I still don’t know why the ins and outs of daily life have always been so significant to me, unless of course it has something to do with me being a writer. I always wrote with the conviction that people in the future would want to know what my life was like, and I wrote, at first, like I was writing a story.

As I got older, of course, my journals became more raw, more honest, more stream-of-consciousness. This shift has made each journal like a tiny time capsule of who I was at the time. Now, I look back at my numerous autobiographical tomes and see patterns in my life that led to where I am now. I read about an event that happened six years ago, and I see how that led to some of my present-day behaviors. It’s fascinating how my own words, thoughts, and feelings jog my present memory. They put me in situations long forgotten.

Reading a diary is like time travelling; you meet your old self, hear her hopes and fears, and tell her things you’ve learned, things you know now that you didn’t know then. It’s very therapeutic in a way; it closes a loop and completes a journey. The things I struggled with in the past find peace, or at the very least explanation, in the future. The older and wiser me can meet the younger with more knowledge, more grace. It makes you more forgiving of yourself, more aware of the process that life entails. And even this pseudo-time travel is a process, because someday I’ll be older and wiser than I am now, and the cycle, the journey, continues.

It’s ironic, isn’t it? While I thought I was writing for posterity, I was really writing for myself.

 

Quintessential New Year’s Post

It’s inevitable. Any blog post I write will be the first of the new year, and so it must naturally be rife with sentiments like, “Oh my gosh! 2018? Already? New year new me! As the world turns, so we mark the passing of the seasons with contentment and burgeoning joy.”

There it is. Bask in it.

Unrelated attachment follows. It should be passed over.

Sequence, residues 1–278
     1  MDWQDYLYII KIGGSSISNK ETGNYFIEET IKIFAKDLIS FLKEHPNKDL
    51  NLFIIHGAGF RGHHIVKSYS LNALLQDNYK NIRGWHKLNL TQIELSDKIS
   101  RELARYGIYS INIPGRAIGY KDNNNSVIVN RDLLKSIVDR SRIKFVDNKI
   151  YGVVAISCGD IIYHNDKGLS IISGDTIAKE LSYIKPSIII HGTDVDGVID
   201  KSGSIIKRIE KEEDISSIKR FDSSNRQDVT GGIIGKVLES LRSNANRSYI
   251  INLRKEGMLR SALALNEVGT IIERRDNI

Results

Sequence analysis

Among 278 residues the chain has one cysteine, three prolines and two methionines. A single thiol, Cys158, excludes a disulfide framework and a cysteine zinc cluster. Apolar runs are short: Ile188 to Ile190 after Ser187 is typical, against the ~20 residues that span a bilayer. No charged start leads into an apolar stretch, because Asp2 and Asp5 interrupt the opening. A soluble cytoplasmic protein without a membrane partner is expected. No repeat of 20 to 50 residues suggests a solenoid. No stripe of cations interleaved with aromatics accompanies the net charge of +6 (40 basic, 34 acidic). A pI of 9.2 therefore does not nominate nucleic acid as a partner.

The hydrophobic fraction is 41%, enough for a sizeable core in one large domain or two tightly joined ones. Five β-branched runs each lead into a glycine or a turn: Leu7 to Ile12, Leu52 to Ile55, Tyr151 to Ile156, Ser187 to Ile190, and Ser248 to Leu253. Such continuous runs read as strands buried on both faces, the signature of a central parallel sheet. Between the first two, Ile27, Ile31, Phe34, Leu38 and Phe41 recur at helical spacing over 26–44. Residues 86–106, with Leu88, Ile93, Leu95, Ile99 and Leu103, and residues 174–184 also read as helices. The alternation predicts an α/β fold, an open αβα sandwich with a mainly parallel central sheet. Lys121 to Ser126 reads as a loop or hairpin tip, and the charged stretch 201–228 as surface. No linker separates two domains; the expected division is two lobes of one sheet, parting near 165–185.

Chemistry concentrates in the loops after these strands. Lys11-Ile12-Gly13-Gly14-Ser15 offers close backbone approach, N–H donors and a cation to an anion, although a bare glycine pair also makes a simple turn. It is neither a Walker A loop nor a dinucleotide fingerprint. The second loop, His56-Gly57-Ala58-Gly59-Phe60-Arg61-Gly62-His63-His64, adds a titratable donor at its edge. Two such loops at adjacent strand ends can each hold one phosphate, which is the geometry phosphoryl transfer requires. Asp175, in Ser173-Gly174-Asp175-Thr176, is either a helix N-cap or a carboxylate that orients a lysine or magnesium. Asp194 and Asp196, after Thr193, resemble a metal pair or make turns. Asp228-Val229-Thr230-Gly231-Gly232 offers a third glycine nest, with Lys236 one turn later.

Like most people, I made some resolutions. They aren’t your stereotypical change-my-whole-nature-and-body-and-being-in-365-days resolutions; they’re more like tiny tweaks, little realignments for what I really want to be doing anyway. I’ve always liked having the new year to do this, cliche as it can get. Yes, time is relative, and no, we don’t need to depend on a calendar date to change. But something about the new year, a new calendar of blank, unfilled-up months, a fresh slate to draw upon, makes it fitting.

I am going to share my new year’s resolutions, and not just because all the kids are doing it. My reason is twofold: one, putting them out in public is an accountability builder, even if none of you email me and ask how I did (please don’t). Two, I have a hard time remembering what any life resolutions are at any given time, so I feel like putting them on a blog will give me, at the very least, a place to refer to.

Luckily, I made my resolutions simple. In the past I’ve made some grand aspirations. I will work out every day! I will eat only vegetables and ancient grains! I will suddenly change inherent qualities about myself and take up activities I previously had no interest in! I figured that the best strategy, this time, would be to start small, to do things I know I can and will do, and to build from there.

One, I’m going to do yoga every day in January. I follow a YouTuber yogi who does a yearly January challenge, and I’ve never faithfully followed it along. So I’m going to try it.

Two, for the month of January I’m not eating sugar and sweets. My husband has a problem with eating too many sweets, and I love him but it really has come to a point where public shame is the way to go (he gave his permission to be so shamed). I am a classic sympathy eater, so if he eats sweets, I eat sweets. And for thirty-one days, I put my foot down. (February will be a free for all.)

Three, in 2018 I’m going to take my vitamins. I don’t eat super well (see point two), but I’m not the most unhealthy person either (see husband comment). I try to eat mindfully and intuitively, but I know I still have a few gaps in my diet, because while I enjoy healthy eating, I also refuse to do any kind of “diet.” I will never go gluten-free, dairy-free, or heaven forbid, vegan. When I was a child, I was a sick child, I ate as a sick child, I had many food restrictions as a sick child. When I became a woman, I put away sick child food restrictions. For better or worse. All this to say, vitamins.

Four, I’m going to wear more blue. It’s my favorite color. It’s pretty. It makes me happy. And blue always matches other blue.

I have a few other floating resolutions, but these are the biggies. I have plans to update the list month-by-month, throwing out some ideas and incorporating others. I got a lot of candy for Christmas, and there’s no way I’m saving it all for months on end.